Moderators: Iván Tosics and Eszter Somogyi (MRI)
16.00 – 17.30 Session 3B Households under pressure (Video of the full session)
Panelist: Stepan Ripka (Charles University in Prague), Krzysztof Olszewski (National Bank of Poland), Lorand András, Zsolt Pünkösti (Romanian Maltese Relief Service), Anna Bajomi (Politechnic University of Milan)
Moderator: Nóra Teller (MRI)
17.30 – 18.00 CLOSING REMARKS
20.00 EVENING: MRI’30 PARTY
Let’s celebrate together MRI with everyone who was part of the last 30 years’ story or will be part of the next!
Venue: MRI’s office – 34 Lónyay Str., District 9, Budapest (on the corner of Lónyay & Kinizsi Str.) – 3rd floor, apt. 21. – Intercom: 31
29 SEPTEMBER, SUNDAY
In Budapest the tour will visit the much debated Városliget development, the Chinese quarter, the Corvin Promenade development replacing earlier poor areas, and “Budapart”, a recent private development site with a much contested skyscraper, which may jeopardize the Budapest’s UNESCO World Heritage status.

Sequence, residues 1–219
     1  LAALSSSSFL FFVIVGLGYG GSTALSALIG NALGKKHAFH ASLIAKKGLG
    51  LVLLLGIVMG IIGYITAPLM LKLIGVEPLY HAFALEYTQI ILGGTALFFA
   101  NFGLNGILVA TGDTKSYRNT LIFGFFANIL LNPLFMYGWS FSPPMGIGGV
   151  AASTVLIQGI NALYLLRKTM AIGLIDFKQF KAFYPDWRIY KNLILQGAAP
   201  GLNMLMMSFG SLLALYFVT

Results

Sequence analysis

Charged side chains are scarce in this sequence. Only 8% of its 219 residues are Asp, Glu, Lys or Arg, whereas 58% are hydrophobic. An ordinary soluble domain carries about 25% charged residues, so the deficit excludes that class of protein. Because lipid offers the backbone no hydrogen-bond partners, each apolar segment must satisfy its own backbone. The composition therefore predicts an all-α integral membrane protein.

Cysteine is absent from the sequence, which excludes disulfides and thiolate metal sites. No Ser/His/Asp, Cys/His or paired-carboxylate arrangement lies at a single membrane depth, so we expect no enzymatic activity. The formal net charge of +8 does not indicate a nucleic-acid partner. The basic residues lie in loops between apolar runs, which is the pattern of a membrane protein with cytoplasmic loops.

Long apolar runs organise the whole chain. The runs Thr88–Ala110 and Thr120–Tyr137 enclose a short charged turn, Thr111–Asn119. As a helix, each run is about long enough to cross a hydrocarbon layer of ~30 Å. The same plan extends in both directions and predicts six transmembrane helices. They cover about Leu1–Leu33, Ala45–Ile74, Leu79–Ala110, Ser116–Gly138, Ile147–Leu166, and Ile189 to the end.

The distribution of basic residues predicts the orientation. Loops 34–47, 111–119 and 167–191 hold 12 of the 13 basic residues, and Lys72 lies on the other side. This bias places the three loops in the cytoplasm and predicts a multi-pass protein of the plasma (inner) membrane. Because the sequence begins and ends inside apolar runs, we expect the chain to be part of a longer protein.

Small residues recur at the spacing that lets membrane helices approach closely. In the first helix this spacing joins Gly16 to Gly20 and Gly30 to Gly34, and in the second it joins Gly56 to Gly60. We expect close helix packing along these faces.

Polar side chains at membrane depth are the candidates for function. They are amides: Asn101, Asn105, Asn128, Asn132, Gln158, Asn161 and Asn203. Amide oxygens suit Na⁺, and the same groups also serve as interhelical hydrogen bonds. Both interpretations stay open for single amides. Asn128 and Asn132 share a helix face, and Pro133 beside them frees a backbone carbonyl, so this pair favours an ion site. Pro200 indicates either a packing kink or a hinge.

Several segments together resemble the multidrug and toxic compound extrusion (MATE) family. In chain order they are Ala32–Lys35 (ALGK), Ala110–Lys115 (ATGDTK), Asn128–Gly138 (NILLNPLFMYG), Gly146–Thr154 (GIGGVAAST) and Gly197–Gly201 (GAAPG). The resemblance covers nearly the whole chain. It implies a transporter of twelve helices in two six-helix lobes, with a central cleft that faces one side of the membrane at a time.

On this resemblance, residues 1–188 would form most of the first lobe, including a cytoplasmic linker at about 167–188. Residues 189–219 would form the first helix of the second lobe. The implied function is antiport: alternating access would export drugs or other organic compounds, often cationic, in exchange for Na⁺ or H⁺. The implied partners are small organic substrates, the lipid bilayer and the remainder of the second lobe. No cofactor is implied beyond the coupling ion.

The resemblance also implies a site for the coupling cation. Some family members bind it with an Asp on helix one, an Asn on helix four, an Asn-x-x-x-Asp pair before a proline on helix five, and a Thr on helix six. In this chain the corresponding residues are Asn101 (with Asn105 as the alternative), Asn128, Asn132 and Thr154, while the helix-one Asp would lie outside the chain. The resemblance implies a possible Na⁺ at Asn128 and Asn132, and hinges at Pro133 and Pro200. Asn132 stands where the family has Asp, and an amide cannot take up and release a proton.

Outside of Budapest we will visit a village which recently received an abundance of development funding, including a disproportionately massive football stadium; and an adjacent village without such privileges.
Meeting point in front of the EYC!
Participants will have the opportunity to quit the tour sooner if they have to catch a flight – please inform the organisers in advance, so we can help arrange your trip to the airport!